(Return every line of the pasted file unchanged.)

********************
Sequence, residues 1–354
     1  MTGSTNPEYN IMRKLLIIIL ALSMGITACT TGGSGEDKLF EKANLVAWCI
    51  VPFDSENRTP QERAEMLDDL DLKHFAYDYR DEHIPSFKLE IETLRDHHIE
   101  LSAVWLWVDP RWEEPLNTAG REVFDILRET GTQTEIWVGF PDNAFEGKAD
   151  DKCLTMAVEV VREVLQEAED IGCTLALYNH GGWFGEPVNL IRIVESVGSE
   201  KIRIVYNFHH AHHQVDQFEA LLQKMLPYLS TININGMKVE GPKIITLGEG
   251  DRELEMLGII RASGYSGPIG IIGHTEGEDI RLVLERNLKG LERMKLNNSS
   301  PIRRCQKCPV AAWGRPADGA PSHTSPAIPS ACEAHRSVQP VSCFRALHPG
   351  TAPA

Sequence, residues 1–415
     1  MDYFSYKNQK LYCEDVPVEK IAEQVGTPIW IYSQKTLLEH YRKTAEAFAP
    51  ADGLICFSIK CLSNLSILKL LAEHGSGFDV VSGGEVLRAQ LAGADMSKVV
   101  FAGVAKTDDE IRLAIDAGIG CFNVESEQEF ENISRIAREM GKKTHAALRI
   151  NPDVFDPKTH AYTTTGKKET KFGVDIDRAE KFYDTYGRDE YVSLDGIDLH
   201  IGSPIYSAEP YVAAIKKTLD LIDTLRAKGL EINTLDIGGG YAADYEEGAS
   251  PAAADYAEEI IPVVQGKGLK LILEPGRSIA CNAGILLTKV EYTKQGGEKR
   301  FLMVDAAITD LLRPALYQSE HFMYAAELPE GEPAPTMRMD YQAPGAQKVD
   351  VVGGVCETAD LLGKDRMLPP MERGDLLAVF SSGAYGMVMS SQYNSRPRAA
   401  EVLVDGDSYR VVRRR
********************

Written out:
Sequence, residues 1–354
     1  MTGSTNPEYN IMRKLLIIIL ALSMGITACT TGGSGEDKLF EKANLVAWCI
    51  VPFDSENRTP QERAEMLDDL DLKHFAYDYR DEHIPSFKLE IETLRDHHIE
   101  LSAVWLWVDP RWEEPLNTAG REVFDILRET GTQTEIWVGF PDNAFEGKAD
   151  DKCLTMAVEV VREVLQEAED IGCTLALYNH GGWFGEPVNL IRIVESVGSE
   201  KIRIVYNFHH AHHQVDQFEA LLQKMLPYLS TININGMKVE GPKIITLGEG
   251  DRELEMLGII RASGYSGPIG IIGHTEGEDI RLVLERNLKG LERMKLNNSS
   301  PIRRCQKCPV AAWGRPADGA PSHTSPAIPS ACEAHRSVQP VSCFRALHPG
   351  TAPA

Sequence, residues 1–415
     1  MDYFSYKNQK LYCEDVPVEK IAEQVGTPIW IYSQKTLLEH YRKTAEAFAP
    51  ADGLICFSIK CLSNLSILKL LAEHGSGFDV VSGGEVLRAQ LAGADMSKVV
   101  FAGVAKTDDE IRLAIDAGIG CFNVESEQEF ENISRIAREM GKKTHAALRI
   151  NPDVFDPKTH AYTTTGKKET KFGVDIDRAE KFYDTYGRDE YVSLDGIDLH
   201  IGSPIYSAEP YVAAIKKTLD LIDTLRAKGL EINTLDIGGG YAADYEEGAS
   251  PAAADYAEEI IPVVQGKGLK LILEPGRSIA CNAGILLTKV EYTKQGGEKR
   301  FLMVDAAITD LLRPALYQSE HFMYAAELPE GEPAPTMRMD YQAPGAQKVD
   351  VVGGVCETAD LLGKDRMLPP MERGDLLAVF SSGAYGMVMS SQYNSRPRAA
   401  EVLVDGDSYR VVRRR